Pct. 4 Justice of the Peace James Metts found a Porter woman in contempt of court on Thursday and ordered her to spend 72 hours in the Montgomery County Jail, after her refusal to comply with court orders geared toward keeping her child in school.
Belen Marcado Fernandez, 44, of Porter, is charged with contempt of court and held without bond by Immigration Customs Enforcement because jail officials were unable to verify her citizenship.
Fernandez has been in the Pct. 4 courtroom repeatedly over the last four years because of her daughter’s failure to attend school. According to court records, Fernandez’s first appearance for “contributing to non-attendance” was on May 10, 2007.
On January 13, Judge Metts ordered Fernandez to attend school with her now 16-year-old daughter.
“I’ll only send mothers or fathers to school with their children as a last resort, because I know it can place a hardship on the family,” Judge Metts said. “But I’m trying to save the children’s future, and if that’s what it takes – I’ll do it.”
“Often times, just the warning of sending a parent to school with their child corrects the behavior because the parent doesn’t want to miss work or rearrange their schedule, and the child certainly doesn’t want the embarrassment of having their parent in all of their classes,” he said. “Some people may consider it an extreme measure, and maybe it is, but it’s extremely important for these kids to get an education, and it’s my responsibility to do any and everything I can to see that happen.”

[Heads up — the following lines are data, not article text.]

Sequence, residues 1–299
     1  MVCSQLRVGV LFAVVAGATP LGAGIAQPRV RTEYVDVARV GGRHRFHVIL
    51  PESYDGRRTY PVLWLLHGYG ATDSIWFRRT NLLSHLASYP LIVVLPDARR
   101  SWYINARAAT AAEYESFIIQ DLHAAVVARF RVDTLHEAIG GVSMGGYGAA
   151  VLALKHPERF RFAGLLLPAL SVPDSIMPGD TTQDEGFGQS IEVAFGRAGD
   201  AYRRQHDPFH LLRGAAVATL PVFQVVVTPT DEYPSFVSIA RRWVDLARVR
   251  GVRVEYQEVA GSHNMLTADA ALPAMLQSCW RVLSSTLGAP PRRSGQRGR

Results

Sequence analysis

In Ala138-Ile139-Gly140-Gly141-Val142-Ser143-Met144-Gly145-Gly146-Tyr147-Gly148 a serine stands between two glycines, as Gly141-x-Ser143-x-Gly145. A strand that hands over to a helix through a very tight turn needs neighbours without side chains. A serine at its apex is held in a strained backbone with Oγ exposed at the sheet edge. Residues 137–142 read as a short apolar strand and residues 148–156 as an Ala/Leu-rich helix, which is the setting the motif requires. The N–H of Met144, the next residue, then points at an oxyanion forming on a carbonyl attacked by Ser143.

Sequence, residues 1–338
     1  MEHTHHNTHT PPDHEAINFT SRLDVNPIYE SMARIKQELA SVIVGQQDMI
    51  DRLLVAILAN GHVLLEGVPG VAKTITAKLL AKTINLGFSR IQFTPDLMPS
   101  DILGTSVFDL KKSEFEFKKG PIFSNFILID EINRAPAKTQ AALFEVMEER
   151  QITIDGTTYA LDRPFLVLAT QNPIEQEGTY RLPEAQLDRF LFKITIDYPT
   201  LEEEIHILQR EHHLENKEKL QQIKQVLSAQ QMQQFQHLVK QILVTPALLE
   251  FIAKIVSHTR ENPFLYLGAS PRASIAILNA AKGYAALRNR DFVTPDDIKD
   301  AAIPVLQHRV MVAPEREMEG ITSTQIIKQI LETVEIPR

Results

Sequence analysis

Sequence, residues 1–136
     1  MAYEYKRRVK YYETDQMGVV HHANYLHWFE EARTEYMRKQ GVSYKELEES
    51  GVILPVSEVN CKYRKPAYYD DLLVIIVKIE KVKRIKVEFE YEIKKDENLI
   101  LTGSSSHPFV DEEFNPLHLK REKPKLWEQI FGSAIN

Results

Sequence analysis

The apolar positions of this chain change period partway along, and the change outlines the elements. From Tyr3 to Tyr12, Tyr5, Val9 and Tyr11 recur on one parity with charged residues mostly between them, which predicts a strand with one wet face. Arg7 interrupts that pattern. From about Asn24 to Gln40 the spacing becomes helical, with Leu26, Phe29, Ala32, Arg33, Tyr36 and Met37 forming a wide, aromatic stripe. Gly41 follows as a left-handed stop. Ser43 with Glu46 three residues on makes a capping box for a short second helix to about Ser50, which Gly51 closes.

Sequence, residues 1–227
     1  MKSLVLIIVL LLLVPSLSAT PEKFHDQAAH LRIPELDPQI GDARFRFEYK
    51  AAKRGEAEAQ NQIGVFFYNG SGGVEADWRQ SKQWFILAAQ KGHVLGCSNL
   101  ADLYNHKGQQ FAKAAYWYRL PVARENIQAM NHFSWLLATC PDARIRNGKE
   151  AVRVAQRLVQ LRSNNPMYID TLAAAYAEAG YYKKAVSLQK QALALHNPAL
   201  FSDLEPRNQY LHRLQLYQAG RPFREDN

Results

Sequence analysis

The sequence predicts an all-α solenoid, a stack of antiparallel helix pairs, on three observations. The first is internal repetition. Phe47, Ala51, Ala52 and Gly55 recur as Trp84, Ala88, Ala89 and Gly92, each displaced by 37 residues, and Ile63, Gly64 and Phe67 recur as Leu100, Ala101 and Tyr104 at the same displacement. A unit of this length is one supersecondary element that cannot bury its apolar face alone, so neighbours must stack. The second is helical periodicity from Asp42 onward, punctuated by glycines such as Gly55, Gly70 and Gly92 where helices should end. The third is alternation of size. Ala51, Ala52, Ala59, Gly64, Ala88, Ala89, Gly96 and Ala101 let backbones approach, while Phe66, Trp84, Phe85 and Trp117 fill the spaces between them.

Fernandez accompanied her daughter to school for a few days, and then stopped. Because she disobeyed a court order, Fernandez was subpoenaed to court. She not only failed to produce evidence that would excuse her from compliance, she became belligerent and insisted the judge, and court records were incorrect.
As a result, Judge Metts found Fernandez in contempt and sentenced her to what equates to three days in jail. He was unaware of her immigration issues at that time. Fernandez’s daughter remains court ordered to attend school.
Four students were also jailed for contempt of court after repeated warnings and opportunities to comply with court orders to attend school.
“Sometimes, students leave me no choice but to place them in jail and give them a taste of what they’re headed for if they don’t straighten up,” he said. “I do this to get their attention, and make them realize this isn’t what they want for their future.”
Judge Metts ordered 15 students to the Attendance Improvement Management, or “AIM” program, which is a more positive alternative to the ankle monitors sometimes used to combat truancy.
Many students previously ordered into the AIM program were in court to return their monitors and the vast majority had very positive results. Changes in those students’ attitudes were obvious when the judge commended their efforts as they stood before him smiling alongside their parents.
“My staff and I put a lot of time and effort into these fail to attend cases and the success stories are what make our jobs worthwhile,” Judge Metts said.
“I understand that these are difficult times and harder for some families than others, but if a child does not at least get a high school diploma, he has very little hope for a better life,” he said. “People may not always agree with my rulings, but I think the increased attendance rates in Precinct 4 show we’re on the right track.”